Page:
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Publication numberUS6223371 B1
Publication typeGrant
Application numberUS 09/292,604
Publication dateMay 1, 2001
Filing dateApr 15, 1999
Priority dateApr 15, 1999
Fee statusLapsed
Publication number09292604, 292604, US 6223371 B1, US 6223371B1, US-B1-6223371, US6223371 B1, US6223371B1
InventorsSteven J. Antinori, Rick Robinson
Original AssigneeSteven J. Antinori
Export CitationBiBTeX, EndNote, RefMan
External Links: USPTO, USPTO Assignment, Espacenet
Mattress and method of manufacture
US 6223371 B1
Abstract
A method of manufacturing mattresses is achieved by providing first and second layers of latex material having different indentation load deflection values. Each layer is then cut lengthwise along a longitudinal plane, preferably a medial plane to define first and second layer portions of the first and second layers each of an identical height. The layer portions are then cross united and adhesively bonded together thereby producing a mattress possessing a composite load deflection value dictated by the different indentation load deflection values of the starting layers. Preferably matching recesses are formed in the first and second layer portions of both layers. Medial recesses receive postural inserts of relatively high ILD values, whereas transverse recesses at headed foot sections are aligned to define voids at the foot and head sections of the mattress to provide head and foot relief.
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Claims(31)
What is claimed is:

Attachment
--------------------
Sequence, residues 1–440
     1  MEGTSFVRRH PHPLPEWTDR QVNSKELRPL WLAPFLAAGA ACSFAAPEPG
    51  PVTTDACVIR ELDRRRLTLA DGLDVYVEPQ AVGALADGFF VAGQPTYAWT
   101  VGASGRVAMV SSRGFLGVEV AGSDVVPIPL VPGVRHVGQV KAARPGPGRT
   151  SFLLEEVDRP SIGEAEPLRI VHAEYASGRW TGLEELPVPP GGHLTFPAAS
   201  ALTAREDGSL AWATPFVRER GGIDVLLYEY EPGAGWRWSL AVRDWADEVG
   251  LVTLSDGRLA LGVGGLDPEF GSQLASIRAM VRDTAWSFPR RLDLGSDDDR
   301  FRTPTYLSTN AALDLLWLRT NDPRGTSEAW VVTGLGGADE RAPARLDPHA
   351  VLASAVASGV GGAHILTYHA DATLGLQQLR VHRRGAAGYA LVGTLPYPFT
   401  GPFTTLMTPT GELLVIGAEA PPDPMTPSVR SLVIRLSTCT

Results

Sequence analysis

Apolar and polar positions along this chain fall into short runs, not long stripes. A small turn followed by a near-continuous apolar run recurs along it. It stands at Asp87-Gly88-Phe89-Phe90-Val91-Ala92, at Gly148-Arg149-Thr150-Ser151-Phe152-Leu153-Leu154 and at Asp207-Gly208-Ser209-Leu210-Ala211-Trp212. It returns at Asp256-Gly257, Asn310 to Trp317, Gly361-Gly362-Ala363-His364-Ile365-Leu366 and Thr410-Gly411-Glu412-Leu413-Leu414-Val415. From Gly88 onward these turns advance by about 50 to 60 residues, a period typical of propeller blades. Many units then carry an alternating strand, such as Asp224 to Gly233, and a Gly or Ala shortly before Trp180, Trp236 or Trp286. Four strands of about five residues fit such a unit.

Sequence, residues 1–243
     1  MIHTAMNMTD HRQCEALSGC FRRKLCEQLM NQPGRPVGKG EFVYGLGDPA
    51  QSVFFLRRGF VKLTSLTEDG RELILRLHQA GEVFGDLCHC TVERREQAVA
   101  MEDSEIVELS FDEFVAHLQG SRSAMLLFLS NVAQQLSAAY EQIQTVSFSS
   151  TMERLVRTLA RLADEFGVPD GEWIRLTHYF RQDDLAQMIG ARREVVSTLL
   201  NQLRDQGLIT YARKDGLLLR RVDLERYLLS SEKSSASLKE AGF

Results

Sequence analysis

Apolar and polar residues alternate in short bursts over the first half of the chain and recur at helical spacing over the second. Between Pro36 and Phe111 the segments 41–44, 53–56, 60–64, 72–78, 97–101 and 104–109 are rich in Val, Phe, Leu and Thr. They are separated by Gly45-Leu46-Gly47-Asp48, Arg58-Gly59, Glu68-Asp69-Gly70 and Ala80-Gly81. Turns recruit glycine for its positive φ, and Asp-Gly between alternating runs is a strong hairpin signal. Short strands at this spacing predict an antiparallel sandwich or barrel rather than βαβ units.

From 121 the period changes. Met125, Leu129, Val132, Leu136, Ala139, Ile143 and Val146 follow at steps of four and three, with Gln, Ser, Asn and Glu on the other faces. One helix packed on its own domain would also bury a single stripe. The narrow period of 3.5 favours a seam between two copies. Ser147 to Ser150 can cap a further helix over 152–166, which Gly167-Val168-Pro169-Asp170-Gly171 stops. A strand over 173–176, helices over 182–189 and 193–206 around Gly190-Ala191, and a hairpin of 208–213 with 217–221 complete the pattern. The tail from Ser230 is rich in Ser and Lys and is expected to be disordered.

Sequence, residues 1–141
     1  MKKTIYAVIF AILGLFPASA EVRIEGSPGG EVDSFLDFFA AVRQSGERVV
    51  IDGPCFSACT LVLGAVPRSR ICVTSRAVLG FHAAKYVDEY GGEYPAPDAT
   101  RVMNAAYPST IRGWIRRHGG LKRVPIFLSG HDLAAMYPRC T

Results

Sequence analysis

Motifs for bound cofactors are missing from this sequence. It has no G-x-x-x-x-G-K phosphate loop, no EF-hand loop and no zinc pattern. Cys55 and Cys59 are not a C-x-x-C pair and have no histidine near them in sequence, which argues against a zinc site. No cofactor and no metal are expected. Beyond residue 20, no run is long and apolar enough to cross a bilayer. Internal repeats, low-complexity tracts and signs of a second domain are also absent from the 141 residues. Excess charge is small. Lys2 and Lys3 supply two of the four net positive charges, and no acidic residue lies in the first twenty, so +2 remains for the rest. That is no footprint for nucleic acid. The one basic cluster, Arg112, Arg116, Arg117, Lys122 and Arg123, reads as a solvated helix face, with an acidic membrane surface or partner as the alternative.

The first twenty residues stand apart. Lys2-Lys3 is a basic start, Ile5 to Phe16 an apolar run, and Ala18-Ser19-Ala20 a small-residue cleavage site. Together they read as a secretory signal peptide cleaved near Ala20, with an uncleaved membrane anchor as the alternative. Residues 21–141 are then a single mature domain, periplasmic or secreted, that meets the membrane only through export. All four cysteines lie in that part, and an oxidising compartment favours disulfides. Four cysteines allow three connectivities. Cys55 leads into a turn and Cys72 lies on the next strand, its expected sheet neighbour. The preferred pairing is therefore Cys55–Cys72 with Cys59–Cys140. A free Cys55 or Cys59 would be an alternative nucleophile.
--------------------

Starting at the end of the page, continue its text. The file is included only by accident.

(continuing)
1. A method of manufacturing mattresses or the like comprising the steps of providing first and second layers of material of different indentation load deflection values, separating each of the layers lengthwise along a longitudinal plane to define first and second layer portions of the first layer and first and second layer portions of the second layer, and unitizing the first layer portions of the first and second layers with the second layer portions of the respective second and first layers thereby manufacturing mattresses possessing a composite load deflection value dictated by the different indentation load deflection values of the first and second layers.
2. The method as defined in claim 1 wherein the first and second layers are made of latex foam.
3. The method as defined in claim 1 wherein the first and second layer portions are each substantially one-half the thickness of their respective first and second layer.
4. The method as defined in claim 1 including the steps of forming a recess in at least the first layer portion of the first layer, inserting an insert in the recess, and sandwiching the insert between the first layer portion of the first layer and the second layer portion of the second layer.
5. The method as defined in claim 1 including the steps of forming a recess in at least the first layer portion of the first layer prior to the performance of the unitizing step, thereafter inserting an insert in the recess, and preceding the performance of the unitizing step sandwiching the insert between the first layer portion of the first layer and the second layer portion of the second layer.